Well, this is even worse. His career GB/FB rate (prior to 2016) was 1.27. This year, it’s 1.81. He’s hitting more ground balls and fewer line drives and fly balls, and it’s impossible to hit a home run when the ball isn’t in the air. When he does elevate the ball, his HR/FB ratio is the lowest of his career, and his infield fly ball percentage is the second-highest of his career.
He's still hitting lefties fine -- he has a .276 ISO against southpaws, which is above his career rate of .218 -- so clearly, that isn't the problem. However, he has an ISO of .089 against righties, which is a whopping .099 below his career mark.
Here's where things get weird.
He has an ISO of .056 when pulling the ball. This isn't just bad -- it's horrific.
His career average ISO going to left field is .342, and his previous career low was .215. In his career, Ramirez has a HR/FB ratio of 35% when going to left field. In 2016, it's 0.0%. He's actually popped the ball up in the infield more often than he's hit fly balls to left.
Look at his spray chart, from FanGraphs.
This year, 59% of his fly balls have gone to right field, which is 20% above his career average. The part that doesn't make any sense is that 46% of these fly balls have been hit hard (12% above his career average).
He's just not hitting the ball hard to left field anymore, so maybe he's having trouble turning the inside fastball around. But that's not it either (table courtesy BrooksBaseball).
Ramirez has an ISO of .200 against fastballs, so he's squaring them up just fine. The problem that becomes evident here is that he's been unable to drive sinkers, sliders, curves, and cutters at all. That's definitely not a good sign because most pitchers throw at least one of those pitches. Pitchers are noticing this too -- he's seeing a decreased percentage of offspeed and an increase in breaking stuff.
The strange part for a man with so much raw power is that he's not having trouble hitting inside pitches at all.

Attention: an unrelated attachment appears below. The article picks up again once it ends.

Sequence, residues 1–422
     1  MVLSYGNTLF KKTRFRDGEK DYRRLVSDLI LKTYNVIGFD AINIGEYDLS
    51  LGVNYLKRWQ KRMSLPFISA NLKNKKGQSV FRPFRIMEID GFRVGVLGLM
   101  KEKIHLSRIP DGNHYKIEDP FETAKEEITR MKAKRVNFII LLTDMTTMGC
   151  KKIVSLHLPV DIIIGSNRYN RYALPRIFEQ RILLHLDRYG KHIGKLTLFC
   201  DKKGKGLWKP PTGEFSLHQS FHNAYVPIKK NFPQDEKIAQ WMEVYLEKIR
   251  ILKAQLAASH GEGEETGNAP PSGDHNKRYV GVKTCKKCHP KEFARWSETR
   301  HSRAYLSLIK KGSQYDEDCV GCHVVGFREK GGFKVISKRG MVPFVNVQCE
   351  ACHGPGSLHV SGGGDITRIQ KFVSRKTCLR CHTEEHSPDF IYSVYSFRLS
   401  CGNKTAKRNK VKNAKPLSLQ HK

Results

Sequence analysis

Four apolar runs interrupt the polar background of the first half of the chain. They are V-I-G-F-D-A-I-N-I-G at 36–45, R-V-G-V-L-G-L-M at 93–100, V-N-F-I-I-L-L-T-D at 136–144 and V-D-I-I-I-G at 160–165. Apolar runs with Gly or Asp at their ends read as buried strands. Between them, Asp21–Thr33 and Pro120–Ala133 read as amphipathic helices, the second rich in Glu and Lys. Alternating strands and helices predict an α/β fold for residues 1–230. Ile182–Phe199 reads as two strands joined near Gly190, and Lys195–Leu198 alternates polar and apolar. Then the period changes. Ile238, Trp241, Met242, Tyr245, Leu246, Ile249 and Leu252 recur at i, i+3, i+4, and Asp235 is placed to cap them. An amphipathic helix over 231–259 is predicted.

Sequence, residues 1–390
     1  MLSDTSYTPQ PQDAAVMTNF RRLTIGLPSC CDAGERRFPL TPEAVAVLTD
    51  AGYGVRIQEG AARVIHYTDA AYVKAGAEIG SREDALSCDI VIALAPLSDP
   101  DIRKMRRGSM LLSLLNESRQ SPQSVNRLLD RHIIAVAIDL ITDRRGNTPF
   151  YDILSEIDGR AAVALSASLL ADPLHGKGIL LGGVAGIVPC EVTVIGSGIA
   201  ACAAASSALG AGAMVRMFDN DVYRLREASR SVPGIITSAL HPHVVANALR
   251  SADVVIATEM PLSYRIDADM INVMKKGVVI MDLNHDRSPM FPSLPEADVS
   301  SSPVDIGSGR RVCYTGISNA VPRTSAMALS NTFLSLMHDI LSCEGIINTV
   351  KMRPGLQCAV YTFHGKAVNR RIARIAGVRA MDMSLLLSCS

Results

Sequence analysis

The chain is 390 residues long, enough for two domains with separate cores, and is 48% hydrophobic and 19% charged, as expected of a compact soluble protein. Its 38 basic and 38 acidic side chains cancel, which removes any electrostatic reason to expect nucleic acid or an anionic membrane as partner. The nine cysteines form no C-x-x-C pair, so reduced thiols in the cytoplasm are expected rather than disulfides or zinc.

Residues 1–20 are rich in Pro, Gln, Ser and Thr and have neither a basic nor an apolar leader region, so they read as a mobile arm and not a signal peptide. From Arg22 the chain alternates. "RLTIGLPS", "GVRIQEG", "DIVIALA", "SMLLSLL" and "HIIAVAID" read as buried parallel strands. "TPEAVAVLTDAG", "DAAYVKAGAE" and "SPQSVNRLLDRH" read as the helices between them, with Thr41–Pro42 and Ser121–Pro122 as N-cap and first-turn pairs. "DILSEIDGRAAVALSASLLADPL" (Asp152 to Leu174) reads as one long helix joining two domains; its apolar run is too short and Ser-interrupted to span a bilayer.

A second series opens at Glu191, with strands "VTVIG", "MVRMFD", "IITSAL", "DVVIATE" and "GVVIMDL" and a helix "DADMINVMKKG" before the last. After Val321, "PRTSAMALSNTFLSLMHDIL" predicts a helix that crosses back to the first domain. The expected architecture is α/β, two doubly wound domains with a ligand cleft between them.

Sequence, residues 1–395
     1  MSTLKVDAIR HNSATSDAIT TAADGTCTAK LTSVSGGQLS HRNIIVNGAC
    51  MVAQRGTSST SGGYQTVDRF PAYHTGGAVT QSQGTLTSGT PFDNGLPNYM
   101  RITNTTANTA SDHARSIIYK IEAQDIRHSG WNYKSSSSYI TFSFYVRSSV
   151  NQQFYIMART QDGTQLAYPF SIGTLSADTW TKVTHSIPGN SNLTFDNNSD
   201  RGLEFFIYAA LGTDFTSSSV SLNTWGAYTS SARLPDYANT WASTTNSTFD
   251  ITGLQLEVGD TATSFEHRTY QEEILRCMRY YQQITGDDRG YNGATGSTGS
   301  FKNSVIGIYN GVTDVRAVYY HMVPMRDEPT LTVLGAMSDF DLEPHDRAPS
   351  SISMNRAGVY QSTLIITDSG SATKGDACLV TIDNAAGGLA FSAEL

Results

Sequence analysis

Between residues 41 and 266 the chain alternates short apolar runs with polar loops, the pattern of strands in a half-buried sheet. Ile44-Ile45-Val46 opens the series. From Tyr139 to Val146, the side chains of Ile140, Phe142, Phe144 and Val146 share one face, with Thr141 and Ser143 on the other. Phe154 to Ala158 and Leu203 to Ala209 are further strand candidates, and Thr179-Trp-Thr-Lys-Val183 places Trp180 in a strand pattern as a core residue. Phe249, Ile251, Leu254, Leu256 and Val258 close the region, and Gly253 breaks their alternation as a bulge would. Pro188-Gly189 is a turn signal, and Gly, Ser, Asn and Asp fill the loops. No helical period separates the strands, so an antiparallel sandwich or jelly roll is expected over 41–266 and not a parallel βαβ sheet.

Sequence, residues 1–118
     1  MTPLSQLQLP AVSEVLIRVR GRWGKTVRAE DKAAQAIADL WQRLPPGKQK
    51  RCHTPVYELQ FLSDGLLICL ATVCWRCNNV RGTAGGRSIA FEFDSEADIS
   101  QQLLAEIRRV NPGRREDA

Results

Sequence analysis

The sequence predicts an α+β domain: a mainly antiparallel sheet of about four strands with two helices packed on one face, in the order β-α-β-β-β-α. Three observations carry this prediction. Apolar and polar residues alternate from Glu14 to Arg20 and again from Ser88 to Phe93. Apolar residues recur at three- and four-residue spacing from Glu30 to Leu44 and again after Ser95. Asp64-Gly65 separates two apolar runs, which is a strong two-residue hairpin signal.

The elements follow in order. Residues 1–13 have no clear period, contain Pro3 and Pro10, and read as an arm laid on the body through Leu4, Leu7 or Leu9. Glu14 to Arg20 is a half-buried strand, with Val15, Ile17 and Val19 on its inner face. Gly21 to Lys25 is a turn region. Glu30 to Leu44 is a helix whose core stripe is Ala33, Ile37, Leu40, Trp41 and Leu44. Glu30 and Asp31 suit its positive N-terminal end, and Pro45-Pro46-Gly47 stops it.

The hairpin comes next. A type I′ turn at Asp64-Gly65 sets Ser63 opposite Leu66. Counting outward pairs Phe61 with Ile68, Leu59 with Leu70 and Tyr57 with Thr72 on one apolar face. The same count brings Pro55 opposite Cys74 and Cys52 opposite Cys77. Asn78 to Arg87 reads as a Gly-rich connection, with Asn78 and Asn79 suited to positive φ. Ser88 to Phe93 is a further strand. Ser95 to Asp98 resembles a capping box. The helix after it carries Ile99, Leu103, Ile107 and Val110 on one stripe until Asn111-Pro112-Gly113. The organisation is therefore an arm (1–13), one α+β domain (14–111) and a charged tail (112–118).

He's turning inside pitches into base hits more frequently than any other pitch. He's just suddenly incapable of driving them, as evidenced by his ISO heat map.
He's been able to do the majority of his damage on pitches on the outside part of the strike zone, which makes sense when you look at his numbers going to right field this season.
It also makes sense when you look at where he's seeing pitches.
Now, it's clearer why he's hitting the ball to right field so much. He's simply not getting the inside pitch as often as he used to. That doesn't change the fact that he still can't drive an inside pitch at all, and it's perplexing as to why. To be honest, I have no idea why that's the case.
What It All Means
All of this isn’t meant to make Ramirez out to be a bad hitter all of a sudden. When he’s not bunting in crucial situations, he’s still a valuable commodity in the Red Sox' lineup because his batting average is high enough that he’s often able to drive in the runners who are on base in front of him just by hitting singles.
Having said that, since his own hitting coach doesn’t know what’s going on with him, it may be prudent to move Ramirez down in the batting order until he figures it out.
It’s difficult to point definitively to any of the numbers listed and cite them as the main cause for his struggles, but we can attempt to paint a picture to contextualize these struggles.
And in terms of power production right now, that picture looks bleak.